Today, I had the privilege of taking photos for The South Orange Cameron Field Centennial Celebration. Cameron Field is a local baseball field “where the legends played.” This afternoon, the South Orange Recreation Department and the South Orange Historic Preservation commission sponsored The South Orange Villagers vs The Flemington Neshanock baseball game which was played according to The 1864 rules of baseball.
Cameron Field was dedicated on May 30, 1914 in front of a crowd of nearly 1000 people!! The idea was to create a space where boys and girls would have space and equipment to play “to their hearts’ content.”
Back in the 1920’s, South Orange would host games that showcased semi-professional talents against other teams and the Negro League teams like The Newark Eagles, a sort of “pseudo All Star Team.” During that time, players like Willie Mays, Jackie Robinson, Satchel Paige, Larry Doby and many more played games against the South Orange Villagers. Baseball legends, Babe Ruth and Lou Gehrig played in a game on Cameron Field. They helped lead The Villagers to a win that game and together, they hit three home runs, including a legendary one that went OVER the railroad tracks.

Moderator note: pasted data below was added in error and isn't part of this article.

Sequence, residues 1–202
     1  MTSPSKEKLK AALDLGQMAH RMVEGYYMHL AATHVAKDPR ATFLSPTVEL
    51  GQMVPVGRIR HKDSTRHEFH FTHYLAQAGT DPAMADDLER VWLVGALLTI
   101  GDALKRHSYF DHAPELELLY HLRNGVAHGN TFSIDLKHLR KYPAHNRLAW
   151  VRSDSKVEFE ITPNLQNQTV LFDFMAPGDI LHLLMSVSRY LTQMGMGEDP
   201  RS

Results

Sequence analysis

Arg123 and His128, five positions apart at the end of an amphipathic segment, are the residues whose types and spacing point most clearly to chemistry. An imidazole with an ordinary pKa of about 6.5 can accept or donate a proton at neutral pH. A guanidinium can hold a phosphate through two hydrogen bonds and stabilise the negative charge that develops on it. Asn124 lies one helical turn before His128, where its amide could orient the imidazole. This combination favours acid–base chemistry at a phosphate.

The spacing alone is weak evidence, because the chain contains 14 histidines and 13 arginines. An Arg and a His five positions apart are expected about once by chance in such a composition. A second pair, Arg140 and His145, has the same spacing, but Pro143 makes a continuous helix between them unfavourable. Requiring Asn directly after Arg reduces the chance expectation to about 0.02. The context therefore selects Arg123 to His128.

I learned so many fun tidbits today watching the game. No gloves were worn – since they hadn’t been invented yet in 1864. Pitchers could only throw underhanded, running past first base would result in an out. A fly ball could be caught on one bounce, resulting in an out. VERY different than today’s rules which was probably why The Villagers lost 15-2. The Flemington Neshanock team plays 40-45 games a year promoting the history of baseball so they are used to crazy bounces and old-time rules. The other team wore uniforms that were “throw back” vintage. They had bibs attached to them because the bibs were interchangeable. If a player was traded to a different team, they could still wear the same uniform, with another team’s bib and hat.
Despite the score, it was a fun, well attended game and everyone seemed to have a great time!
Special thanks to The South Orange Historic Preservation Committee, where I was able to learn a lot of the interesting facts that I have included here today.